Yet another stereotypical activity that we do – return products that we wanted to use for a short duration. Like camping gear for a trip or some tools for a home improvement project. Buying and returning is cheaper than renting you see.

  41. I am an NRI desi and I do a lot of these cheap stuffs. But mostly because when I divide my entire possession in India by 63, I am pretty poor.

  42. _/\_ An NRI desi sneers at other NRI desis but talks to locals with atmost love and respect 😛

  43. Interestingly India and Indians living in India have progressively changed over last few years but the NRI desi community are kind of frozen in time. The average upper middle class (read mid-senior IT guy of our generation with 10-20 yrs experience) living in India is more open to spend and lives a better standard of life (measured from consumption and these steoreotype mindset point of view).
    And they are frozen in their mindset about Indians in India. I find funnier that our NRI friends/ relatives visiting us in India (read NRI uncles of our kids), bring same stuff what our NRI uncle used to bring those days and expect our kids to be excited like we did. For kids growing up in India a toblerone or snickers is n’t much different from kitkat or 5 star now but NRI uncles feel they would be excited with those same old walmart packets!!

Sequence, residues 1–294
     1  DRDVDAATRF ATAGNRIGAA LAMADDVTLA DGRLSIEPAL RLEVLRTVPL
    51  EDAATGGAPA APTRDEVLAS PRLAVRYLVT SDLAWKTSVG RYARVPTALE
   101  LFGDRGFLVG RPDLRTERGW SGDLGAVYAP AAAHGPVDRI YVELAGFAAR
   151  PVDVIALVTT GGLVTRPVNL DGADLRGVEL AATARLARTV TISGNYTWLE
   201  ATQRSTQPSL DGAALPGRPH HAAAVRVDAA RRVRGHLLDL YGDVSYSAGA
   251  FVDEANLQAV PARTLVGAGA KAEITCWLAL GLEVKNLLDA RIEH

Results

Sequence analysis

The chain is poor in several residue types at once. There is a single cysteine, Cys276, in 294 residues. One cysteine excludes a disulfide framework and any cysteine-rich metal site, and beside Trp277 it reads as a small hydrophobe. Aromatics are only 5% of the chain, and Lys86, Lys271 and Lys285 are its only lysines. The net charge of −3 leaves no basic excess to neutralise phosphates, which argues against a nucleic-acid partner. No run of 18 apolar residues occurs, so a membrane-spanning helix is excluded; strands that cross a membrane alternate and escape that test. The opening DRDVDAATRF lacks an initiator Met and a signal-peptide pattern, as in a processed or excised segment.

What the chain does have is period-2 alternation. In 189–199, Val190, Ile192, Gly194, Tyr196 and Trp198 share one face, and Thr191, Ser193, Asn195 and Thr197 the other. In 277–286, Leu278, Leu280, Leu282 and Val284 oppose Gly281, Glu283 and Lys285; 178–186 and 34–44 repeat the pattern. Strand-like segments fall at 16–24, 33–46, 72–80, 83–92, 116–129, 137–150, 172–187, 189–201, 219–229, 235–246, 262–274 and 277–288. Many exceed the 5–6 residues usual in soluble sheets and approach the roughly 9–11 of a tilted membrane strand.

1. Isn’t is a bit obvious that someone living continents away from India would have a “frozen” view of things? They’re themselves immersed in an entirely different culture; the converse could be said of Indians in India as well. They seem to have a stereotyped view of the West. I know I did back when I was growing up in India. I thought the West as this monolith. I have no conception, for instance, of the profound differences between American and Canadian societies. I used to think of Canadians as lesser-known Americans; I now know that is far from the truth. To cite another instance, I had no conception of First Nations people here in Canada, or the challenges they’ve faced over time. I am now aware enough to know that I know absolutely nothing about Europe, and that Europe is possibly a whole new world compared to America and Canada. So my point really is that when you live geographically so far away from a country, you’re bound to have a skewed, possibly-flawed view of it. Indians who’ve grown up in India but have now moved far away will instinctively rely on what they remember of their growing up years in India.

  44. Atleast urban India isn’t as deprived or resource constrained on US consumables as NRI desis are in their mindset. We do get coke or snickers for 10 Rs and these are no more luxury for middle class.